One thing I find kind of interesting about living in Paris is that it seems that people get younger the higher up they live in their building. I think this is largely because so many buildings (including mine) don't have elevators; people don't want to walk up stairs, but are more willing to when they're young.
As my street is very narrow and the building opposite has very large windows with balconies, I see my neighbours (across the road) almost every time I glance out the window. I'm sometimes reluctant to look out the window lest they think I'm creepily watching them. The girl living on the top floor (who has good taste in music -sounds carry) looks younger than me, the two inhabitants just across from me look about my age, the couple on the floor below seem to be in their thirties and live beside a couple in their forties.
There's currently a lot of noise coming from that apartment, and every time I look out the window I see their rooms crowded with others; I think they must be having some sort of dinner party. It's interesting, though, that on the other side of the wall the couple in their thirties are sitting on the couch watching television... it's so strange to see different people in different rooms who are so close and yet so clearly separate. They're doing different things, aren't paying any attention to one another and can't see one another.
Below them are a family, who are the most sociable of those I've noticed living on this street. The parents yelled a greeting to me once when they were standing on their balcony (after one whispered to the other "I've never seen that girl before" -again, sounds carry) and I've seen the teenage sons throwing nuts at the heads of passers-by below.
I'm not as sure about those in my own building, though my landlord told me there's a medical student living below. I've met some people in the stairwell who seem about my age and some very elderly who I can't imagine could make it up all the stairs. I like living on the top floor because walking up a hundred steps (well, ninety-nine when I counted) at least once a day is a good way to justify eating pastries, and also because I can sort of see the tip of the Eiffel Tower from my window.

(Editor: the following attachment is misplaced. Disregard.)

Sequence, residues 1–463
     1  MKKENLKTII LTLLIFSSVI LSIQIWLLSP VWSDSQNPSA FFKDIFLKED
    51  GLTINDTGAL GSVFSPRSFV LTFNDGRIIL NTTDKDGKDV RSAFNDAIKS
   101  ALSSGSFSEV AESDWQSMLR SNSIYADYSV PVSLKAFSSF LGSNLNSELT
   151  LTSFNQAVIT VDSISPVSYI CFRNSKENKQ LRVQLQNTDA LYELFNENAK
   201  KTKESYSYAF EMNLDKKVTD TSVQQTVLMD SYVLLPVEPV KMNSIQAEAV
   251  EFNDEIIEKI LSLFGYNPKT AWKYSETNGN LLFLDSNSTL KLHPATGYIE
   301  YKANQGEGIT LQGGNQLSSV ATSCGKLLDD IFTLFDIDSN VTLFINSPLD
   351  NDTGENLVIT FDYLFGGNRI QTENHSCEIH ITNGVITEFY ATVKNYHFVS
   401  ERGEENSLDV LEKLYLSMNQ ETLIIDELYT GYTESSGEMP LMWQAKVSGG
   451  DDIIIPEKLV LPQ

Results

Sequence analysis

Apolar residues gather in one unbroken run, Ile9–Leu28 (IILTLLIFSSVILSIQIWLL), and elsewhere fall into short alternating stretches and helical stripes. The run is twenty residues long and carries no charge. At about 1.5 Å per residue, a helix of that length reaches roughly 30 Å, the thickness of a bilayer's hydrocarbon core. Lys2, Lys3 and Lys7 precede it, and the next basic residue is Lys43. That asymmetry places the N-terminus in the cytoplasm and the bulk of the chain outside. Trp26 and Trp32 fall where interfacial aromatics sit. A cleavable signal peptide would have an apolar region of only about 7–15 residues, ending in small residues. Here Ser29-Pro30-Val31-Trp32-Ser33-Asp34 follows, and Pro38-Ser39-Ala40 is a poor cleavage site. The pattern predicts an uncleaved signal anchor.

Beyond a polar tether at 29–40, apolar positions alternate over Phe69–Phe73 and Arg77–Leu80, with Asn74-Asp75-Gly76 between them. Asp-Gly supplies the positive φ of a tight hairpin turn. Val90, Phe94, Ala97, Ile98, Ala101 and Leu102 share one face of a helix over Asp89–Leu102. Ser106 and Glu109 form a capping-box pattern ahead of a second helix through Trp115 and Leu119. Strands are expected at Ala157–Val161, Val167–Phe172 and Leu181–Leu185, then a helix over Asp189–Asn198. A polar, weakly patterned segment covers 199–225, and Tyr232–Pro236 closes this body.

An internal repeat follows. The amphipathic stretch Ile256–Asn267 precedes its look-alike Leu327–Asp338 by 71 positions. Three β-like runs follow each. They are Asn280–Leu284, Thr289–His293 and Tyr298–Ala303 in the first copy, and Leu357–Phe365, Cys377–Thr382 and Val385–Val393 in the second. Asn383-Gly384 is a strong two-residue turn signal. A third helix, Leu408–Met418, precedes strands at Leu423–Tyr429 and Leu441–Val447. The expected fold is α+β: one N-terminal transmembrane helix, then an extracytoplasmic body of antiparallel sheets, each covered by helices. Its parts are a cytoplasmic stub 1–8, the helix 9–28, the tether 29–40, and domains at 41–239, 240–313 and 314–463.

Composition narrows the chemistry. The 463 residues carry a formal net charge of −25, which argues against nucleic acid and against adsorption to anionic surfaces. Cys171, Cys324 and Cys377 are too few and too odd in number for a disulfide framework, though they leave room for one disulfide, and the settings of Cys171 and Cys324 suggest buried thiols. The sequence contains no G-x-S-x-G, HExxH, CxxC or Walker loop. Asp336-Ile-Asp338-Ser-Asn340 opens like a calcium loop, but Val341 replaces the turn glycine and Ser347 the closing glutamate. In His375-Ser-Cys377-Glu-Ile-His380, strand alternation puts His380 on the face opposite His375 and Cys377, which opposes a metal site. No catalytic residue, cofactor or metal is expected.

I don't really know what's going on at street level, though it's often pretty noisy there. I live opposite the loading dock for the neighbourhood's biggest supermarket, so that's where the noise comes from on weekdays, but I still haven't figured it out for weekends... does the monoprix become a boîte du nuit? Or is it just sounds carrying from clubs down the street? There are normally people sitting on the pavement opposite (nowhere near anywhere interesting, so it's a bit perplexing) and there's a lot of yelling. This is a bit disconcerting, but I find the way in which I can see and hear the neighbours makes me feel a little less vulnerable, and the fact that I live on the top floor is, again, sort of comforting.
I'm currently sitting by the window and it's nice to have all the noise floating in from everywhere. There's enthusiastic yelling from down the street with softer words in English floating up occasionally from the dinner party of the building opposite, occasional sirens from police cars whipping along bigger streets nearby. I like living in Paris, and I like living near the sky.